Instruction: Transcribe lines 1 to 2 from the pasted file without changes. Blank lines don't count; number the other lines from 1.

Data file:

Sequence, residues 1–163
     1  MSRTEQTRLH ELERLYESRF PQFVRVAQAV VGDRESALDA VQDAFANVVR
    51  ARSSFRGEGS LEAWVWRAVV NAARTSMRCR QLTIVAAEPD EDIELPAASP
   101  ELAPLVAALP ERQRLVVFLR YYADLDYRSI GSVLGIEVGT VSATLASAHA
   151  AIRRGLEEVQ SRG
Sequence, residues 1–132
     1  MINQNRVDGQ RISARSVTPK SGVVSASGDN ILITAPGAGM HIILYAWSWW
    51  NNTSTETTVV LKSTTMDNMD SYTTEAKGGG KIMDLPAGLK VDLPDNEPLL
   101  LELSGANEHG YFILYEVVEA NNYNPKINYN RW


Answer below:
Sequence, residues 1–163
     1  MSRTEQTRLH ELERLYESRF PQFVRVAQAV VGDRESALDA VQDAFANVVR